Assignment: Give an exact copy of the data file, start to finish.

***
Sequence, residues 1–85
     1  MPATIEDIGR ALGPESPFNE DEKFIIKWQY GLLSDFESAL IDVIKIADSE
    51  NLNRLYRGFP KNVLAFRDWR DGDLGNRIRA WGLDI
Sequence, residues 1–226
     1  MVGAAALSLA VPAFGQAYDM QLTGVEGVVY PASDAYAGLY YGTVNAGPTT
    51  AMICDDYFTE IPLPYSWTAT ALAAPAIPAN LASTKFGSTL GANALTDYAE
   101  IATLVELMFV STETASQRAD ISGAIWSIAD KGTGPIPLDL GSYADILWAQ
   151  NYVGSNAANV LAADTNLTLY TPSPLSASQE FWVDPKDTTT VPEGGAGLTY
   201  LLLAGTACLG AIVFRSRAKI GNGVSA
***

Sequence, residues 1–85
     1  MPATIEDIGR ALGPESPFNE DEKFIIKWQY GLLSDFESAL IDVIKIADSE
    51  NLNRLYRGFP KNVLAFRDWR DGDLGNRIRA WGLDI
Sequence, residues 1–226
     1  MVGAAALSLA VPAFGQAYDM QLTGVEGVVY PASDAYAGLY YGTVNAGPTT
    51  AMICDDYFTE IPLPYSWTAT ALAAPAIPAN LASTKFGSTL GANALTDYAE
   101  IATLVELMFV STETASQRAD ISGAIWSIAD KGTGPIPLDL GSYADILWAQ
   151  NYVGSNAANV LAADTNLTLY TPSPLSASQE FWVDPKDTTT VPEGGAGLTY
   201  LLLAGTACLG AIVFRSRAKI GNGVSA